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Tin Type; Gentelman w/1873 Rifle
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February 14, 2022 - 1:24 am
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IMG_3429.jpgImage Enlarger Sorry but I had to straighten the picture ?  it was driving me crazy ?

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February 14, 2022 - 1:42 am
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What’s that tucked in his belt?  Maybe a .38 cal Merwin & Hulbert, nickel finish?

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February 14, 2022 - 1:53 am
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Its a first model 73.

Bob

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February 14, 2022 - 2:28 am
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1873man said
Its a first model 73.

Bob  

I was referring to the revolver.

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February 14, 2022 - 2:38 am
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I was responding to Limestones post. I should of quoted his post.

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February 14, 2022 - 2:44 am
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mrcvs said

I was referring to the revolver.  

I can’t make out a hammer, though that may be due to lack of definition in the photo.  S&W New Departure?

The Mills belt appears to be stuffed with bottle-neck cartridges; pretty rare in ’73s.  The rifle, revolver, & belt may have been supplied by the photog. 

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February 14, 2022 - 2:47 am
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It kinda crazy with these pictures. When I first turned it upright and saved it….then I started to upload the picture but it was in a different position but not upright and it was still wrong. What you have to do is straighten it and then alter the picture by making it smaller or a tad bigger and then save it. Then you use this new version and it works. Screenshot_20220213-214544_Photo-Editor.jpgImage Enlarger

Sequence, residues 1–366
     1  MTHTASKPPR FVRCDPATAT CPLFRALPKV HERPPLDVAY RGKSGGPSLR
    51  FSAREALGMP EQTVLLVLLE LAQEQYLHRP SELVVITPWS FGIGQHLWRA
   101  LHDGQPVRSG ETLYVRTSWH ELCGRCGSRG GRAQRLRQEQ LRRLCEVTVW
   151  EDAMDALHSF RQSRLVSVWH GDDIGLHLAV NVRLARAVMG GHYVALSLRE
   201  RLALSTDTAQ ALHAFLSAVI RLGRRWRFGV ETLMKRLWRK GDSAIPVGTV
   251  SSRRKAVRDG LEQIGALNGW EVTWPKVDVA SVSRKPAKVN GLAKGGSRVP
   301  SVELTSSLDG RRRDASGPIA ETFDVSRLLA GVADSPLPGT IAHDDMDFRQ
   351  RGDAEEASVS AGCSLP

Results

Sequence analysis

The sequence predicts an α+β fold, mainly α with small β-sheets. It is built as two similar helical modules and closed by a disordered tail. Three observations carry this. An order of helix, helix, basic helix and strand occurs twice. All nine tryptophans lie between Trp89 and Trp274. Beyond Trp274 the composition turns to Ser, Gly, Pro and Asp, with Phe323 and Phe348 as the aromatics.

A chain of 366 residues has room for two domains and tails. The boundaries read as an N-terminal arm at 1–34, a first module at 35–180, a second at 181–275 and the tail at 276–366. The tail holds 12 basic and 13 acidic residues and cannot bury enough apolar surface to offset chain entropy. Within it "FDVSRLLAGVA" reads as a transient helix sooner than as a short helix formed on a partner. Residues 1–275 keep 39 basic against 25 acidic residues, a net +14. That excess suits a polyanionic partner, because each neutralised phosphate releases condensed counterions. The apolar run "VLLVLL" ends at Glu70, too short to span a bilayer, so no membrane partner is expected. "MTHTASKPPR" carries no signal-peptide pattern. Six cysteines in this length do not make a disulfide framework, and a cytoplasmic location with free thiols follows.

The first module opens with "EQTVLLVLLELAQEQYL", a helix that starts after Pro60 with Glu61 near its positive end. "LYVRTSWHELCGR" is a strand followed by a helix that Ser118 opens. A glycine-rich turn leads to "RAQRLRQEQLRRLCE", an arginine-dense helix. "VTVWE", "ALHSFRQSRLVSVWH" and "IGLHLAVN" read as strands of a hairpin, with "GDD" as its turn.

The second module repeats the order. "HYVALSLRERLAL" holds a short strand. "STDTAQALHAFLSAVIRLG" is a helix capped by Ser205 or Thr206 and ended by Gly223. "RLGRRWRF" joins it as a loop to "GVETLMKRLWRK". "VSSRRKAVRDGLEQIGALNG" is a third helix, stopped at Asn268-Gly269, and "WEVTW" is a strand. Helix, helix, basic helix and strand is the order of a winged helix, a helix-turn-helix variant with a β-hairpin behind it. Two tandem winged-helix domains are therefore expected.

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February 14, 2022 - 6:14 pm
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Played with it some more.

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February 14, 2022 - 7:19 pm
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looks to be taken in a photo studio, with the big shells in the cartige belt and background.

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February 15, 2022 - 10:45 pm
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[email protected] said
You could be correct on that!
Don’t know! Smile  

He’s certainly correct about that!  Such studios often provided some or all the props used in the photo.  I don’t think the Mills belt has anything to do with the ’73.

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February 16, 2022 - 2:58 am
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clarence said

I don’t think the Mills belt has anything to do with the ’73.  

From a historic stand point Winchester did become the sole provider for the Mills cartridge belt.

From looking at the photo closely, those could be 44-40 cartridges. Notice that there is a depression mid-way up the cloth loop on the belt. At that point the cloth loop is not as tight below it. Eye balling it looks like it would be the proper length for 44wcf. 

The back ground and carpet floor make it apparent its in a studio. But there is no way of knowing if the Studio provided the firearms & accoutrements.

I suspect they may have belonged to the subject of the photo. If the gentleman had the money to purchase a photo, I’d imagine he was able to have the rifle and pistol. Your run of the mill person never could afford to have their photo taken. 

We as firearms collectors tend to focus on these period photos with firearms. But there is no doubt a slew more of them taken without any firearm. 

Just like today, its a lot easier to control the lighting conditions in the studio. Its a neat old photo.

Sincerely,

Maverick

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February 16, 2022 - 4:06 am
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Maverick said
 If the gentleman had the money to purchase a photo, I’d imagine he was able to have the rifle and pistol. Your run of the mill person never could afford to have their photo taken.